Monday, June 15, 2009

"Broom Closet", watercolor, by Andy Smith


R is for Reserved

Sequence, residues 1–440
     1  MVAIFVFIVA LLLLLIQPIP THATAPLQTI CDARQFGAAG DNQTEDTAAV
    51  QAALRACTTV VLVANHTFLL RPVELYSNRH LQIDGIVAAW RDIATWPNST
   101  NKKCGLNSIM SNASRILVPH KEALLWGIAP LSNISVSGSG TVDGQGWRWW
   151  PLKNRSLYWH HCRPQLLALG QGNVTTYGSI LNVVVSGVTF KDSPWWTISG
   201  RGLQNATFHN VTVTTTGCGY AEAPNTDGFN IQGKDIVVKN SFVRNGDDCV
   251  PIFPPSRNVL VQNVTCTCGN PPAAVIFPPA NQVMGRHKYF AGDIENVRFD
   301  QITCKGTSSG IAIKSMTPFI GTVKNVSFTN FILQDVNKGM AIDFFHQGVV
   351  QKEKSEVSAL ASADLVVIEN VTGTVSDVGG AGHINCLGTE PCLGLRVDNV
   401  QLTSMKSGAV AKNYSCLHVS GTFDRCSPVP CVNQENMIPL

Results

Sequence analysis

Being a reserved teacher is one of my professional goals, but that wasn’t always the case. In my early years in the classroom, I was anything but reserved in my words and actions. Back then, I thought teaching was all about getting scholars excited, and that meant teaching them with fervor that bordered on frenzy. I didn’t know the meaning of self-possession or moderation. Ranging around the classroom like a mishmash of preacher and clown, I was effusive and vociferous in an obsessive way. Now, it's different. Now I treasure the discipline that has enabled me to be a soft and understanding force in the classroom instead of a hard and reckless one. I’m a quiet teacher the way certain rivers are quiet: they flow irresistibly onward but boaters hardly notice the power. I try to be restrained like morning is restrained: daylight arrives almost imperceptibly, which is exactly the way I try to teach. The word ‘reserved’ can also refer to something that is set apart for a future or special use, and sometimes that’s how I see myself in my classroom. I want to be held in reserve, in the background, ready for any situation where the scholars need some particular guidance or support. They should be the center of attention, not me. I’m the searchlight they can use to find truths in a sudden darkness, the pickaxe they can occasionally wield to break through an obdurate story or poem. The scholars are the craftsmen, and I’m the tools in the toolbox, the broom in the closet (see painting above). As they create their interpretations and understandings each day in English class, I remain nearby, quiet and reserved, like the silent overhead lights that make things easier to see and appreciate.

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